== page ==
What Is Credit Rating?

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A credit rating is a grade that is attributed to a person, an institution or a state in order to measure their ability to repay their debt at a specific point in time. This grade can improve or deteriorate depending on the financial health of the borrower. Because credit rating is a way to assess the riskiness of a borrower, it affects several factors like the minimum interest rate lenders will demand. To help you better understand this concept, consider three cases where you might have heard about what is credit rating; I will explain each of these scenarios:

1.       You applied for a new credit card and your bank asked you to provide personal information in order to obtain your credit score:

When you apply for credit, lenders like financial institutions and retailers need to assess your ability to repay the debt. For that, they reach out to credit reporting agencies. Those agencies have tracked your credit history since your first transaction and have calculated your credit score. Different agencies can develop different scoring models in the same country. A common model used in North America is the FICO score, which ranges from 300 to 900. The higher your credit score the higher your chances of getting approved for a loan. The factors that determine your score include the number of credit products you have, your payment history and the amounts you owe compared to your income.

2.       Your employer tells you the company has been downgraded by Fitch and it may impact this year’s financial results:

Similar to individuals, publicly traded companies get rated, but by corporate rating agencies. More exactly, it is the debt instruments those companies issue (bonds) that are rated. Common credit agencies include Moody’s, Fitch and Standard & Poor’s. Their rating system ranges from AAA (the best) to D (the worst), with varying intermediate grades. Ratings are derived from a thorough analysis of financial statements to determine the ability of a company to pay back its creditors (bondholders). Information on the leverage, coverage, liquidity, profitability and management of a company are all important factors in assessing credit risk. Credit ratings have become a powerful tool because a slight improvement (upgrade) or deterioration (downgrade) in credit rating can dramatically affect investors’ perception of a company. This in turn influences the price at which traders are willing to buy and sell the company’s bond and stock. The rationale behind this is that if a company relies heavily on debt to operate, a downgrade in its credit rating may incentivise lenders to ask for their money back and the company would rapidly run out of cash, running the risk of going bankrupt. So despite the fact that a credit rating provides only a partial and reversible opinion about a company’s credit risk, downgrades are generally NOT well perceived by financial markets.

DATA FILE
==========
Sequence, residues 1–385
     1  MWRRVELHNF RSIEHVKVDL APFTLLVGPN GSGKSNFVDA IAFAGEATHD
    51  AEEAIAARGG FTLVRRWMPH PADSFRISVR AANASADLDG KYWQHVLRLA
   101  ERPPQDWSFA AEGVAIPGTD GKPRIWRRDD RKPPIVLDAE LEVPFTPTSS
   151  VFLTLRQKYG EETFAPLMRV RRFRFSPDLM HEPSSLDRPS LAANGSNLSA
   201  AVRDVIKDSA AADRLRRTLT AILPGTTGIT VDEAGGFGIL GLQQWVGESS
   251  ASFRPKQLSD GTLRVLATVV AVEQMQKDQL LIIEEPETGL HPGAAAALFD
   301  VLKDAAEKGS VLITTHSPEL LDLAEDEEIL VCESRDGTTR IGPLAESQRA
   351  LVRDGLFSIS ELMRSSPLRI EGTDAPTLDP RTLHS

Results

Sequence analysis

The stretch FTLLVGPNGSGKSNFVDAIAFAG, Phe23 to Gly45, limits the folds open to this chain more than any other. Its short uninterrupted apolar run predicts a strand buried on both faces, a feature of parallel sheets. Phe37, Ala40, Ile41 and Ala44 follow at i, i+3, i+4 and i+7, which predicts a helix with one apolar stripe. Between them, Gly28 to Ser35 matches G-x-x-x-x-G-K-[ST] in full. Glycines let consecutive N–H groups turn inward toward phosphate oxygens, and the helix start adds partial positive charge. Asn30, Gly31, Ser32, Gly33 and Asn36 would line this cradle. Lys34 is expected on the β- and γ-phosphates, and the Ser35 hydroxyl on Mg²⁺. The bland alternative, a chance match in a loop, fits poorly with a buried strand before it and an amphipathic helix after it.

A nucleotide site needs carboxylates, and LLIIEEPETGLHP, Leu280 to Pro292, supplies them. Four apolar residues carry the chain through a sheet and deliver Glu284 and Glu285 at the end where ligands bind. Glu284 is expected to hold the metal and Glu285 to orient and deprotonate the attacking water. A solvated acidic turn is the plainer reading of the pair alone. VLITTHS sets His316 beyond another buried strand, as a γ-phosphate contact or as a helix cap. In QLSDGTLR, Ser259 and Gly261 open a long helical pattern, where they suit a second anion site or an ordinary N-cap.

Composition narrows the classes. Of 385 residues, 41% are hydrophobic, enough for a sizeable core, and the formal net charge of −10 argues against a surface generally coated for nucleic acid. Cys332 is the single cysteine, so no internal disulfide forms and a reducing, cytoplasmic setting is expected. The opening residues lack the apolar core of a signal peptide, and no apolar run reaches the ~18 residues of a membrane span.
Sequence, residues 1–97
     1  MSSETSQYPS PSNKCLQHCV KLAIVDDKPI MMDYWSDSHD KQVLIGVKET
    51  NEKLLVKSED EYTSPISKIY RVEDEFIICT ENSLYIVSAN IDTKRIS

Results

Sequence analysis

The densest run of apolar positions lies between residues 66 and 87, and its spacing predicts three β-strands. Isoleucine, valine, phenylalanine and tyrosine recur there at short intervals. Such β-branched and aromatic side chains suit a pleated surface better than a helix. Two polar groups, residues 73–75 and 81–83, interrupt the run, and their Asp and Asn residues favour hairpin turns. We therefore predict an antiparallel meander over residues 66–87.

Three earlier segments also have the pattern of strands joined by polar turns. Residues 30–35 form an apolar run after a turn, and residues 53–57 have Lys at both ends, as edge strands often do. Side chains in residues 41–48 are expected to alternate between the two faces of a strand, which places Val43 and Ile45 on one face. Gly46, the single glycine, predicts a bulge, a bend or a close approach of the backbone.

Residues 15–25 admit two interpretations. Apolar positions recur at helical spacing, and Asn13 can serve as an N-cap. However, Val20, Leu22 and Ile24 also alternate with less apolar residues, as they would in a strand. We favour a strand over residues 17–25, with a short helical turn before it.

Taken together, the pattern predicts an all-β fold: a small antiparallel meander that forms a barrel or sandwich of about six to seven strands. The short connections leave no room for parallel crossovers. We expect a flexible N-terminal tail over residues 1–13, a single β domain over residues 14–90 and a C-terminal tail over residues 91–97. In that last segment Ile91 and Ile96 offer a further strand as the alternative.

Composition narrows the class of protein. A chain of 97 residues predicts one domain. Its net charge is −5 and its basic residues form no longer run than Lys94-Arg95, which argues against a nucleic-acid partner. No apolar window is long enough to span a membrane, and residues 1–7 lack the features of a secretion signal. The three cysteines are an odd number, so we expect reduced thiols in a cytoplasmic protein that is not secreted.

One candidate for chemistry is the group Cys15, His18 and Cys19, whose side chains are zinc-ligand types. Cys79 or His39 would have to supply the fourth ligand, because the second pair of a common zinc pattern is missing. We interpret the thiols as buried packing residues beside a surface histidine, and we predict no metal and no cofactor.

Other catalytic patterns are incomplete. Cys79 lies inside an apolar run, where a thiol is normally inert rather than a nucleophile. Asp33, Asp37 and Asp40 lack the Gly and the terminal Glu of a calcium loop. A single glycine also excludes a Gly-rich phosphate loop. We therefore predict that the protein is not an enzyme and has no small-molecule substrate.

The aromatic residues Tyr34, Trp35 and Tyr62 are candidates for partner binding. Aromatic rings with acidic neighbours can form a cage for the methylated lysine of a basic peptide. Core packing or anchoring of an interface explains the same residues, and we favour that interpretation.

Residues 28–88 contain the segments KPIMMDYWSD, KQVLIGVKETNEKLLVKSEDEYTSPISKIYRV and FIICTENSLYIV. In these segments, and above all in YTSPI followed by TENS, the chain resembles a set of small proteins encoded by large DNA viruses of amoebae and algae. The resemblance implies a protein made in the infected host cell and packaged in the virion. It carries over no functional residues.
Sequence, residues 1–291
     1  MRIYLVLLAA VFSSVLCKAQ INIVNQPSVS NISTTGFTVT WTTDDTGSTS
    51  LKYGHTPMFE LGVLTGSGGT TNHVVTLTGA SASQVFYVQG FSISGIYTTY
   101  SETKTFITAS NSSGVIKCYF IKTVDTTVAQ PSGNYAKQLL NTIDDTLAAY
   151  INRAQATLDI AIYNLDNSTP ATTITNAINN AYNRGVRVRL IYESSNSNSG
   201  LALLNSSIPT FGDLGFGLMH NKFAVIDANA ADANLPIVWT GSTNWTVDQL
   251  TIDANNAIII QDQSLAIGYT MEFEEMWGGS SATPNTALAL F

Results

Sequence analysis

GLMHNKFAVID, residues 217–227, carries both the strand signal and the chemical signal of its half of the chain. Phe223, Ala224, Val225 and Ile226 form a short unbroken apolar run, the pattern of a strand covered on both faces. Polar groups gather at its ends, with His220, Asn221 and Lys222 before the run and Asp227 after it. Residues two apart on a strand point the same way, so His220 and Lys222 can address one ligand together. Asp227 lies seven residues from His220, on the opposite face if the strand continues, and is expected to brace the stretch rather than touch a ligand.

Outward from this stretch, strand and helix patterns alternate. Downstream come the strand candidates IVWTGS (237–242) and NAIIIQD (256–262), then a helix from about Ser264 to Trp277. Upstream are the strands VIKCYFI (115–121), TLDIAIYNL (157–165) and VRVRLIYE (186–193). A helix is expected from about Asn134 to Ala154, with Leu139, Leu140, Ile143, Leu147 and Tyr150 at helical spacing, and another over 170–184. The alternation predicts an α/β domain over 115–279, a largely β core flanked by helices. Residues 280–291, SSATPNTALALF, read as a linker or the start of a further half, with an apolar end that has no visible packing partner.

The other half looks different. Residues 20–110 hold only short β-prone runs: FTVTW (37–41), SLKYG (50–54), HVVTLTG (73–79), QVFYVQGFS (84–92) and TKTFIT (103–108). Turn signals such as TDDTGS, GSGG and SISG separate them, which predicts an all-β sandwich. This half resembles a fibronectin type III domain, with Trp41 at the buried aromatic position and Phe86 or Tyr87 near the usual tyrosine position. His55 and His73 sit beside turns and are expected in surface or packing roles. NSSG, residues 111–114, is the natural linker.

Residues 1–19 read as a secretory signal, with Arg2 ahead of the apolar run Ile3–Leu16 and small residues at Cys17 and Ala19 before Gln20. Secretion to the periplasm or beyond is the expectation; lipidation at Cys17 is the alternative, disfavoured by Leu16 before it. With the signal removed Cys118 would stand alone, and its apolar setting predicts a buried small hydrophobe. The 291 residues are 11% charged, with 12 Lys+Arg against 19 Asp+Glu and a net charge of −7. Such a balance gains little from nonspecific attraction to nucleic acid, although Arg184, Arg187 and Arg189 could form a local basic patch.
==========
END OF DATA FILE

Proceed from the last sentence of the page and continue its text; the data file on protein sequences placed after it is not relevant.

3.       You hear in the news that The United States and France lost their Tripe A rating in the aftermath of the financial crisis:

Similar to companies and individuals, Countries and governmental institutions get evaluated by rating agencies in order to communicate to their current and potential business partners their ability to repay the funds they have borrowed. The better a country’s credit rating, the more willing are financial institutions, foreign countries and investors to do business with it, either through the purchase of sovereign bonds or foreign direct investment. Criteria that determine a high credit rating for a country are economic development, political environment, financial transparency, and macroeconomic metrics like GDP, inflation, fiscal balance, external debt and default history. When a country gets downgraded, it sends a bad signal to lenders and investors and it can affect the cost of raising funds, making it more expensive for the government to borrow money in order to realize necessary infrastructure and social projects. This in turn can impact the whole economy and citizens like you and I.

 

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